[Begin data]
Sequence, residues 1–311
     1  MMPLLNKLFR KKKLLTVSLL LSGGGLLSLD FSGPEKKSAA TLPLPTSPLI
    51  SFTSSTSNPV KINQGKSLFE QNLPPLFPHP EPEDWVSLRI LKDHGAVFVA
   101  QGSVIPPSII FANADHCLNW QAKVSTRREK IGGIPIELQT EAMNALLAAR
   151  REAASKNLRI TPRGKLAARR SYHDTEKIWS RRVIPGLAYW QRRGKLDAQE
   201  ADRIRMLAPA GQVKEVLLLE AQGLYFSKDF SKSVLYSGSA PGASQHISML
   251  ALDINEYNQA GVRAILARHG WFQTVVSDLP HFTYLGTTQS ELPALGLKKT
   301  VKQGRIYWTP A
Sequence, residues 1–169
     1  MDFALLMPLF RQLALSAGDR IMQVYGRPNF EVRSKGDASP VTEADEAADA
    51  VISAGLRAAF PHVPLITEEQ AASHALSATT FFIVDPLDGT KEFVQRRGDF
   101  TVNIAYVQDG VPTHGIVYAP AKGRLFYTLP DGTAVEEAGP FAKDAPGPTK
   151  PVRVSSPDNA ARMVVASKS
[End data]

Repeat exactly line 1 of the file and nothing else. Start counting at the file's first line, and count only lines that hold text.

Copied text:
Sequence, residues 1–311